An Extraordinary Collection of Mormon Historical Materials

I was researching the rarity of some early Church documents my stepfather collected over the years, when I came across John Hajicek’s website, It seems he’s a non-LDS resident of Independence, Missouri, and he has amassed what looks like the largest collection of LDS-related historical materials, rare books, manuscripts, and artifacts in private hands. It makes for truly fascinating reading.

Has anyone ever seen or studied this or any other significant collection of historical Church materials?

9 comments for “An Extraordinary Collection of Mormon Historical Materials

  1. Fred Astaire
    March 14, 2004 at 9:57 am

    “It seems he’s a non-LDS resident of Independence, Missouri…”

    Really? This is from his website:

    “We are definitely Christians, and moreover I feel like the father of a characteristically special Christian family. The basics of our plain, natural, and unaltered faith are found in the Bible, particularly the New Testament. Some people would not consider my children and me to active in a “regularly organized” church—however, we hold the values and keep the principles of the former-day church of Christ (and the identical latter-day American church historically), and believe that the fullness of the gospel of Jesus Christ is restored on earth, and consider ourselves confirmed members of that church and the kingdom of God. We believe that God has a valid and authorized Priesthood here on Earth—there are only two other ordinations spanning the time between the ordination of a young man known as Elder Page from upstate New York in 1831 and the man who converted me at age 18. Although not mainstream, we contribute 10% of our income and 25% of our time for the benefit of the church.”

  2. March 14, 2004 at 3:39 pm

    Oops. guess I was so fascinated reading the other page, and the main page where he described himself as “a friend of” the Church.

  3. March 15, 2004 at 8:37 pm

    I’m lost as to how F.A.’s comment makes him LDS. He said he’s not active in an organized church. Now perhaps he follows the doctrines of the Church of Jesus Christ of Latter-Day Saints, but perhaps he follows his own brand ala the various offshoots of the church. I guess that means he can call himself LDS, but I wouldn’t say he is a member of the church based on the said statments here.

  4. Matt G
    March 15, 2004 at 10:59 pm

    I think you’re right, Renee. I looked at his website a while back and came away with the idea that he’s an independent who comes from RLDS lineage. (His Dad also posts on an on-line list I look at which has mostly Community of Christ and other “non-Brighamite” Mormons.)

  5. March 16, 2004 at 1:15 pm

    I once visited Palmyra with some friends and we went to the home of local antiquarian (non-Mormon) who had a really incredible collection of local historical stuff. Far and away the most interesting were some “seer stones” used by local “peepers” at the time of Joseph Smith and a large cache of letters sent from Nauvoo to Palmyra. The letters were by Palmyrans who had joined the church and then migrated with the Saints, eventually settling in Nauvoo. They were written to non-Mormon family and friends in Palmyra. They contained everything from descriptions of life in Nauvoo to stories of conversion and personal testimonies. Wonderful stuff!!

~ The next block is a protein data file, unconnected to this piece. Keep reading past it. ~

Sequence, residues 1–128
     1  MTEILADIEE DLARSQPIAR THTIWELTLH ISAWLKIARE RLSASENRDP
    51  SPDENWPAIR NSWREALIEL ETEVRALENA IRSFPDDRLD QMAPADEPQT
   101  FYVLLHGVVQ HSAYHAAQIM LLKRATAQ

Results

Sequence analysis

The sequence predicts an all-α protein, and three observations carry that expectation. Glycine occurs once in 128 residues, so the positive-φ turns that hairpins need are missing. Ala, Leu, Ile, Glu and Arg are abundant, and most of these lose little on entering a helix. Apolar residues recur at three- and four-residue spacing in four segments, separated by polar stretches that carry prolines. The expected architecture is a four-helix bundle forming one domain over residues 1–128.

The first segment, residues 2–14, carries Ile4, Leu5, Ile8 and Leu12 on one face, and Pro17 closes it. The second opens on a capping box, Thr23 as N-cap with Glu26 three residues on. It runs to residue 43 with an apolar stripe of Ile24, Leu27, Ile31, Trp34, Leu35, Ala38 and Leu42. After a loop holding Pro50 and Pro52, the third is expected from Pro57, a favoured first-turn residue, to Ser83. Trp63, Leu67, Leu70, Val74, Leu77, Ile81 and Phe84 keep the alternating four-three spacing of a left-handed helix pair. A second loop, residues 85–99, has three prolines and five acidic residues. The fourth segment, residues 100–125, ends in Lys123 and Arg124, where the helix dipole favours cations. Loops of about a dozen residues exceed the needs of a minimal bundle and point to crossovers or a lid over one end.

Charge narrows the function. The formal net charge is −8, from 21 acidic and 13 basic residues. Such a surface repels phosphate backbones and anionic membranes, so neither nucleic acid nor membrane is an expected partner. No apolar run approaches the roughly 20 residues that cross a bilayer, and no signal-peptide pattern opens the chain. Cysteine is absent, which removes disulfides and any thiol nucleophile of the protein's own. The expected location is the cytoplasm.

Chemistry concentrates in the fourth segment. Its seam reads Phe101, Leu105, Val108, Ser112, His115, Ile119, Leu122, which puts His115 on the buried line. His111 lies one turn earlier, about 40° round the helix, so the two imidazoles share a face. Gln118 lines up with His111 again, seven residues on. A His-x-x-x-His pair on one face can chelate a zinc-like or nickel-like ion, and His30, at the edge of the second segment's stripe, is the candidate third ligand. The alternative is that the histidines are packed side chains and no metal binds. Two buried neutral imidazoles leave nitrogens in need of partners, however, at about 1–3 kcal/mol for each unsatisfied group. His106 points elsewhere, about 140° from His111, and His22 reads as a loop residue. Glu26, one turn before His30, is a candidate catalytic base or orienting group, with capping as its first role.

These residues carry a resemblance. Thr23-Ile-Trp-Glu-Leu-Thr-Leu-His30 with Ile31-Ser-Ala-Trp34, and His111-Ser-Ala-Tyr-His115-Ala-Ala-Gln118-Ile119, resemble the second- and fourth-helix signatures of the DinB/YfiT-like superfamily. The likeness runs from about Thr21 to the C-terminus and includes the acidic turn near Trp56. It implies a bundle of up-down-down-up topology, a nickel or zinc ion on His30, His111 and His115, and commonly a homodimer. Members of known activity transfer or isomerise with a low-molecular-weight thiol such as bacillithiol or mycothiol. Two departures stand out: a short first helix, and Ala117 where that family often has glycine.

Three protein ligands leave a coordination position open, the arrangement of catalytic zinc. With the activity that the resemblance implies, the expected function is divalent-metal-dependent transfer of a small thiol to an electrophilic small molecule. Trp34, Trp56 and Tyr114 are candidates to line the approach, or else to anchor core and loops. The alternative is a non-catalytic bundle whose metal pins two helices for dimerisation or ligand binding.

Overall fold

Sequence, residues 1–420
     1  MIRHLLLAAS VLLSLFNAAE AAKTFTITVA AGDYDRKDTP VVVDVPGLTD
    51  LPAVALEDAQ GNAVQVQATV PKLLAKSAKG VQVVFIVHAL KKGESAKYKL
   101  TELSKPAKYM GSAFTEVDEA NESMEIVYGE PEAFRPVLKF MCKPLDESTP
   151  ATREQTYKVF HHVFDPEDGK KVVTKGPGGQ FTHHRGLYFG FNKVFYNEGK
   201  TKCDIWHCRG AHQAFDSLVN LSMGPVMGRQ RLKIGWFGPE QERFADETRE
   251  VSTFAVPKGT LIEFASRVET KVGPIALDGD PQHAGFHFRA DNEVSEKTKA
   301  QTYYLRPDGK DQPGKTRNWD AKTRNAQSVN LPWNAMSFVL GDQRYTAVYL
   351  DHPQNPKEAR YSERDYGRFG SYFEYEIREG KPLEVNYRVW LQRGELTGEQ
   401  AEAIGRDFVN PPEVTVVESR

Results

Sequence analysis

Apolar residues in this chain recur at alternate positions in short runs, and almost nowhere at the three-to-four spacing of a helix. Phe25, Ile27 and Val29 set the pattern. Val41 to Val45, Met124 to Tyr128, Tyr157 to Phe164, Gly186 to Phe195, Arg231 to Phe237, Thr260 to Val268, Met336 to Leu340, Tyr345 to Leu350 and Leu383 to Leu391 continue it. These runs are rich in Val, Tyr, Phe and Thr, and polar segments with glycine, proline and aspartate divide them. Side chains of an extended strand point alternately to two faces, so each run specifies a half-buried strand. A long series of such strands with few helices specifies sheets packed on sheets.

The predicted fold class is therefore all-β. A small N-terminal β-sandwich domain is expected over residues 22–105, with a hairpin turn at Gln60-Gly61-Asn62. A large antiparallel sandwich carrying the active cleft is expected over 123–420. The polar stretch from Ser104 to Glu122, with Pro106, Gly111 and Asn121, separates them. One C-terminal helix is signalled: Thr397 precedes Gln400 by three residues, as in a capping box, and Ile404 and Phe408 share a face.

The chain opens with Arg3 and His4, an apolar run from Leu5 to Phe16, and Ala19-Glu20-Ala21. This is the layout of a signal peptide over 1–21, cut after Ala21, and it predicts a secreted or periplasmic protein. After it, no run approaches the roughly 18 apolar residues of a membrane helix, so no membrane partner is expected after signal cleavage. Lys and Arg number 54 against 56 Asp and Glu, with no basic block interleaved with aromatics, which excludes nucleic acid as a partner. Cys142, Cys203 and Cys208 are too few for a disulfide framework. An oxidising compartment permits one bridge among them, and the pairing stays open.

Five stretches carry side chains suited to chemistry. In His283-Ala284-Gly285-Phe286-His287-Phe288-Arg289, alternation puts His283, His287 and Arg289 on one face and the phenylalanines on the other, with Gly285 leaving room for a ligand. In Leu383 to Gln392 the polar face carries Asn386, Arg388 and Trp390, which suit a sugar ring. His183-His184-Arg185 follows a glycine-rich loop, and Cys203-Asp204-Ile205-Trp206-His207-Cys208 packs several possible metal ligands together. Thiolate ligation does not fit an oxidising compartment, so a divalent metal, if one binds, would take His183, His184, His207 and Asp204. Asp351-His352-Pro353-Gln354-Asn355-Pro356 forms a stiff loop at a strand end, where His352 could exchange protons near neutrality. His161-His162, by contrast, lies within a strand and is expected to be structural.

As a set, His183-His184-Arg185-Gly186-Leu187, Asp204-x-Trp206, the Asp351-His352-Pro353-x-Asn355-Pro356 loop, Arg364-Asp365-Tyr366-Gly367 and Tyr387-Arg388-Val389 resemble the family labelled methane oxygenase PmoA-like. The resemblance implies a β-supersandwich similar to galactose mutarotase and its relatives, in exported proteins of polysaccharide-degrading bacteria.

6. Thom
    March 16, 2004 at 2:21 pm

    In reviewing his website, I was taken with the idea of collecting Mormon antiquities for their investment value. I have always been fascinated with the idea of having a first edition copy of the Book of Mormon, but true to the LDS tradition of frugality (i.e. being cheap), I always thought it would be a waste of money better spent on other things, like establishing a missionary fund. But hey, if collecting old, rare Mormon books can serve as a viable part of investing for retirement and such, watchout! Then again, later in life, could I part with an early edition of the BofM to finance serving a senior mission with my wife? Oh the dilemas of having money. Maybe I’ll just go back to being cheap.

  7. Andy
    June 28, 2004 at 8:06 pm

    Yes, his collection looks quite impressive.

    I don’t know if his website states it specifically, but it seems pretty clear that he is a member of the Church of Christ of Latter Day Saints, sometimes known as Strangites or Voree mormons. If you take a look at, you can see that most of that website is written by Hajicek.

    As a collector and historian though, he certainly does not limit himself to just collecting “Strangite” material. He clearly has an interest in any material related to early mormon / LDS/ restorationist history.


  8. DeLoyd Bithell
    December 20, 2004 at 2:05 pm

    I have a copy of the Book of Mormon in German that was printed in 1852. It belonged to my Grandmother. Where could I check to see if it was worth anything to a collector?

  9. December 20, 2004 at 2:23 pm

    I would contact Benchmark Books in Salt Lake City, Utah or Sam Weller’s Book in Salt Lake. Both shops deal with rare and antique LDS books.

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